The pelvic floor muscles support various pelvic organs, including the bladder, prostate, rectum, and female reproductive organs. The muscles themselves are also involved in the functioning of the urinary and anal sphincters. When they are functioning normally, you are able to control your bowel and bladder movements by contracting and relaxing these muscles.
Tabletop splits: Tabletop splits engage your core, hips, inner thigh muscles, and pelvic floor. To do a tabletop split, lie down on your back in a comfortable position on the floor, and bring your knees up in the air, so your thighs are perpendicular to the ground. Slowly spread your knees until your legs are as far apart as they can comfortably go, then slowly bring your knees back together. Repeat 10–15 times, up to three times per day.
In order for the processes of urination and defecation to go smoothly, the various muscles within the pelvis need to act in a coordinated manner. In some cases, the muscles contract when they should be relaxing, or the muscles do not relax sufficiently to facilitate coordinated movement. Problems with the pelvic floor muscles can lead to urinary difficulties and bowel dysfunction. PFD is experienced by both men and women.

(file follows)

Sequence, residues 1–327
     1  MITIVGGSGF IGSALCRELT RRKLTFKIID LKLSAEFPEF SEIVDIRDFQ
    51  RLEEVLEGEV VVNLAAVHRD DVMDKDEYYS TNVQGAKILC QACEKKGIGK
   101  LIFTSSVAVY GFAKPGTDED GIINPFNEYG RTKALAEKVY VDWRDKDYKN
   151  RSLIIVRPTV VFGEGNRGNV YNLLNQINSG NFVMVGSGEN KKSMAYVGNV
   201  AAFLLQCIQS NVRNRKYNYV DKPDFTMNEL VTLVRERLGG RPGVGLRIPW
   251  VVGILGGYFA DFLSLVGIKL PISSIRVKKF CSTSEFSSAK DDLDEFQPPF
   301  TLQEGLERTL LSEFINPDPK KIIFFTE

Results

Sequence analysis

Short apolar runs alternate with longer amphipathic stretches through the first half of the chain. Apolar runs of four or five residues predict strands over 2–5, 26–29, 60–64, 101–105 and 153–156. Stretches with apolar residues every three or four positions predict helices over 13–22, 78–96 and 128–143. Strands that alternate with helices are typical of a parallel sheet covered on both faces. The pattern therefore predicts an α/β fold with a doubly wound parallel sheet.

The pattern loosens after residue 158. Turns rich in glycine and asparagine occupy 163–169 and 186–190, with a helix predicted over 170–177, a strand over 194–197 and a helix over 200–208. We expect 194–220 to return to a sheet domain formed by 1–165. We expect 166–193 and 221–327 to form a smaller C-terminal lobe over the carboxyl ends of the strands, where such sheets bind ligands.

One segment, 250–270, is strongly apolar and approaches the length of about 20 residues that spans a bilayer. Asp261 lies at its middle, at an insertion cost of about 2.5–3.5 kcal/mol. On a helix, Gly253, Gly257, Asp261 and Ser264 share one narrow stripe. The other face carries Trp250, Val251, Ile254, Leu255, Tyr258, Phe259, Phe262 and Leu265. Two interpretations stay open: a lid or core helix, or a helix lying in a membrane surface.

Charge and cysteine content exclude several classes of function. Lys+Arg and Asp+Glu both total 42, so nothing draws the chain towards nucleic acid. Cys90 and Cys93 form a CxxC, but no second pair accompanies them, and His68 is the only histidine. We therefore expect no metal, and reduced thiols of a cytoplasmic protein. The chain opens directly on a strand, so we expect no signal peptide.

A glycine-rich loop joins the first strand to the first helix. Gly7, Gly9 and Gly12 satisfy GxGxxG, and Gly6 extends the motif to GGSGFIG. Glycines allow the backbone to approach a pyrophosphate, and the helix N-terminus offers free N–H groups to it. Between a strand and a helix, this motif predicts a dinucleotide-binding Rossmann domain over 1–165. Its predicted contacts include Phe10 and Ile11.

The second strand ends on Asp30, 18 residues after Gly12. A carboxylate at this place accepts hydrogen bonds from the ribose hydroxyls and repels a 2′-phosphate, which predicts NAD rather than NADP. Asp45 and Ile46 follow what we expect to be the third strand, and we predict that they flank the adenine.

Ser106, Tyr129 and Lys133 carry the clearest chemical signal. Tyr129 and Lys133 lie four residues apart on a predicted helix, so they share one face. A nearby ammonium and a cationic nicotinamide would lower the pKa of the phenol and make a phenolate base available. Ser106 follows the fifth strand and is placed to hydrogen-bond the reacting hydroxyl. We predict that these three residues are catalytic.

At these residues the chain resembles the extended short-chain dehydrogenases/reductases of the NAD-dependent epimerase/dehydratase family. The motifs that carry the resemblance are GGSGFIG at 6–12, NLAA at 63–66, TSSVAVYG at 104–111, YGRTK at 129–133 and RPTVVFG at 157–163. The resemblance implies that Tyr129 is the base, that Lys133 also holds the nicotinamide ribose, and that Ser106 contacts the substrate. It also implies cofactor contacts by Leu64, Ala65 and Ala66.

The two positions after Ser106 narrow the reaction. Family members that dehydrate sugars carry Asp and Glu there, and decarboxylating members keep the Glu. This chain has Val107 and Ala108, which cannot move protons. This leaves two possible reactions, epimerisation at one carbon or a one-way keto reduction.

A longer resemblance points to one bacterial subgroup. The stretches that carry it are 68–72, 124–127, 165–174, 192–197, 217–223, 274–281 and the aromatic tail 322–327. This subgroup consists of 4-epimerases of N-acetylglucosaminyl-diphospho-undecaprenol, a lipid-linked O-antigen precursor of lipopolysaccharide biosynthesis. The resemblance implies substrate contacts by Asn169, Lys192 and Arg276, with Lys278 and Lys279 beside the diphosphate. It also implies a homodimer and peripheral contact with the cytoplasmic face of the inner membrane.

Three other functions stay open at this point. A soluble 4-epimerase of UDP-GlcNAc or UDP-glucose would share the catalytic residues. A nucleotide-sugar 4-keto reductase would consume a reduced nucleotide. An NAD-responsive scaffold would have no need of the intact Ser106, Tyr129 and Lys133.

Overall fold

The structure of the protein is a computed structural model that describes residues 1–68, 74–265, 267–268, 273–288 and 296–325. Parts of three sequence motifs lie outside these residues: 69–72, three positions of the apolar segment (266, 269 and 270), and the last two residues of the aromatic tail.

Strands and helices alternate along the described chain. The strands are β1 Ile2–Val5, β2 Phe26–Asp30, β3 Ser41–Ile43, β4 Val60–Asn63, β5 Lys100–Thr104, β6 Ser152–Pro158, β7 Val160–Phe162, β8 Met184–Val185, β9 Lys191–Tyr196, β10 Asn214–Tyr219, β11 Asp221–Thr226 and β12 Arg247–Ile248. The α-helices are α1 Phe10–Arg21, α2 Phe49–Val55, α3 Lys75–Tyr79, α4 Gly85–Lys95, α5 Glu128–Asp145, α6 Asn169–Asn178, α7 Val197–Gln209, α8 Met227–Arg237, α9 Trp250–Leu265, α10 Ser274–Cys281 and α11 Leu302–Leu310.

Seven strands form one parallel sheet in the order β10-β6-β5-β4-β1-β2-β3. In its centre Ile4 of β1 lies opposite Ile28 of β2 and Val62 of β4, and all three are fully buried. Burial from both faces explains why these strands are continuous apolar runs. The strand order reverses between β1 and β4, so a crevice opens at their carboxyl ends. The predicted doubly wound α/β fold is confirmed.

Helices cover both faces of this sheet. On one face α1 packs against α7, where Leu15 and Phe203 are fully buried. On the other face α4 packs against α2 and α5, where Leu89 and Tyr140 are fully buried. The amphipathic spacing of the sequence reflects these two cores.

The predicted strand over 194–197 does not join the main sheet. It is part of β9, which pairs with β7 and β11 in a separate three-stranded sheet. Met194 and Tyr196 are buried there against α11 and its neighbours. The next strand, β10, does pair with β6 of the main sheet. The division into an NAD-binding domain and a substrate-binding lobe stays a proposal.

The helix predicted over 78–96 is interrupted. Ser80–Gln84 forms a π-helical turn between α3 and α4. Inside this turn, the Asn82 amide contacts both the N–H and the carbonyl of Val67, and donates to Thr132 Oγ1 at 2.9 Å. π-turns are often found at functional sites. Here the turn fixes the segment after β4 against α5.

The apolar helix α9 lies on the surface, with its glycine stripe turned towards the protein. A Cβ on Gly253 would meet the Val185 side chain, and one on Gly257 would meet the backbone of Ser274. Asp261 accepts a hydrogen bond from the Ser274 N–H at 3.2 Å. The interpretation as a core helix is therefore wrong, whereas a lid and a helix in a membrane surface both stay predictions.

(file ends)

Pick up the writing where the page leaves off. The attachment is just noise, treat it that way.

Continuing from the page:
Increases bladder and bowel control. The pelvic floor muscles are directly responsible for controlling urine and bowel movements. If these muscles are weak, you’re more likely to experience constipation, urinary incontinence, struggle to control flatulence, or experience urine leakage from forceful activities like when sneezing, coughing, or laughing (called “stress incontinence”). Strengthening your pelvic floor can improve your bowel and bladder control.
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